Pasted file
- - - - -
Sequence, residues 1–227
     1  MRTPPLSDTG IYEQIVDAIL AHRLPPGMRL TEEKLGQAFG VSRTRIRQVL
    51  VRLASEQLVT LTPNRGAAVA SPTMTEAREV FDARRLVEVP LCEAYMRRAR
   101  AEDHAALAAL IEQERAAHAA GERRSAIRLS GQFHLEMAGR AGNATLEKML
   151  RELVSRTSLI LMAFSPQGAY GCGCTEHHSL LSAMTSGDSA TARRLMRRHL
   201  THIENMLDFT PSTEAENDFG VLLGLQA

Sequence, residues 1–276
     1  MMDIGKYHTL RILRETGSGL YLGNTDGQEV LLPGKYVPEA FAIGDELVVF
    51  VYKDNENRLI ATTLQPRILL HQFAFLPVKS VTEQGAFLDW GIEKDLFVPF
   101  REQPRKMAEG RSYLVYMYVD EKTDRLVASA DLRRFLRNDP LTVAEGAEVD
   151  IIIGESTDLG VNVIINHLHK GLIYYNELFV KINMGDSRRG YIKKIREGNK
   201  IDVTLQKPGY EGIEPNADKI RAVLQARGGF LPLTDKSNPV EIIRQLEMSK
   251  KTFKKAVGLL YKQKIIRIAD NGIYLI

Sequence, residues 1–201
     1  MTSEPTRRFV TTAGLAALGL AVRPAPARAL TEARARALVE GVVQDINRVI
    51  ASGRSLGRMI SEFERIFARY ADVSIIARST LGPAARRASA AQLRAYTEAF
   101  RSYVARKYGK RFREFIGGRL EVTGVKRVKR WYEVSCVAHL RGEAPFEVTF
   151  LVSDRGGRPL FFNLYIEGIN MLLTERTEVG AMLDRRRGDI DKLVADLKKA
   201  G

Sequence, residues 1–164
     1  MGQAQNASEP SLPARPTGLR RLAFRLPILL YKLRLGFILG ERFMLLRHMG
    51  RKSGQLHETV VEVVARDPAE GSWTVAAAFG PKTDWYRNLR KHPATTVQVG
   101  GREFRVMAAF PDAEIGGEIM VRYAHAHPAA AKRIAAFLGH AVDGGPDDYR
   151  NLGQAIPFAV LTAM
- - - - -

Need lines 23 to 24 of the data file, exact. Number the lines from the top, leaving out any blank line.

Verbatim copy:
   101  GREFRVMAAF PDAEIGGEIM VRYAHAHPAA AKRIAAFLGH AVDGGPDDYR
   151  NLGQAIPFAV LTAM